A few decades later, F. Scott Fitzgerald grew up in Saint Paul, and wrote an early story based on the Saint Paul ice palaces. It tells the tale of a southern girl named Sally Carrol who moves north for love, and quickly becomes alienated by the winter’s cold. The tale centers on the ice palace:
After another ten minutes they turned a corner and came in sight of their destination. On a tall hill outlined in vivid glaring green against the wintry sky stood the ice palace. It was three stories in the air, with battlements and embrasures and narrow icicled windows, and the innumerable electric lights inside made a gorgeous transparency of the great central hall. Sally Carrol clutched Harry's hand under the fur robe.

"It's beautiful!" he cried excitedly. "My golly, it's beautiful, isn’t it! They haven't had one here since eighty-five!"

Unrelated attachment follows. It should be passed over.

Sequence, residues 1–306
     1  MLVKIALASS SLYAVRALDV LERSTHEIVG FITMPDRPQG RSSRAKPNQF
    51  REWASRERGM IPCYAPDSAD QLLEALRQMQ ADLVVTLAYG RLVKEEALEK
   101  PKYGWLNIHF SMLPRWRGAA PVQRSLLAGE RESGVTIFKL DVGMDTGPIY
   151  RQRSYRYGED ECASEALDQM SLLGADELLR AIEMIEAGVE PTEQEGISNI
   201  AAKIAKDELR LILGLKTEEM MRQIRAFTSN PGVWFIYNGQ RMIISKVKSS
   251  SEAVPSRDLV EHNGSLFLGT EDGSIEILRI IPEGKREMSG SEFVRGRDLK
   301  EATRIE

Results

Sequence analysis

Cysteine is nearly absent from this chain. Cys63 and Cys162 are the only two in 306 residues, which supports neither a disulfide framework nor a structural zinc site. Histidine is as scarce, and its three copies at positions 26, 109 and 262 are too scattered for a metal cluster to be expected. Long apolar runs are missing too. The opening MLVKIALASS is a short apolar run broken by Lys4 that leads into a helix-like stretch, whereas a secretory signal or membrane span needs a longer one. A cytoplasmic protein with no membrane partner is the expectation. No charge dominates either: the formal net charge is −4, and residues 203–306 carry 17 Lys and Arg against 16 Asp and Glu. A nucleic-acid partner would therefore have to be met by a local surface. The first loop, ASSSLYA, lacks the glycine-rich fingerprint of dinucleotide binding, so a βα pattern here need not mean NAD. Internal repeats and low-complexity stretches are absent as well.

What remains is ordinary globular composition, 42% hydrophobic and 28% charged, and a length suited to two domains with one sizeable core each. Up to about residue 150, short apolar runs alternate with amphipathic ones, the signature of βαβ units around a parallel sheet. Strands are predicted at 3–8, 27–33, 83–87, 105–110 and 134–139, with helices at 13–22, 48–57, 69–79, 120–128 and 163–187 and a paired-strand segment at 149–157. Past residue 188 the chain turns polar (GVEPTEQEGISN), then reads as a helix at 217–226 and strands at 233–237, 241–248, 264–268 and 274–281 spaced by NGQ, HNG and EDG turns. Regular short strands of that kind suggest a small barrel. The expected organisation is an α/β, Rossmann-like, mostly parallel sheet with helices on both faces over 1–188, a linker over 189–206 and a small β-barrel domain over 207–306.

Somehow the notion of there not having been one since eighty-five oppressed her. Ice was a ghost, and this mansion of it was surely peopled by those shades of the eighties, with pale faces and blurred snow-filled hair.
The story does not end well.

[The 1896 Ice Palace, built the year Fitzgerald was born.]

In the 1940s, they again built ice palaces in Saint Paul, designed by a man named Cap Wigington, the city’s African-American civic architect. Compared to the utilitarian buildings he was normally tasked with, the mercurial ice palace designs became elaborate dreams. The palaces were a chance for him to create the incredible, to capture the hopes of the city in ephemeral blocks, frozen for but a moment in time. Wigington made six ice palaces, and each of them melted crazily in the springtime.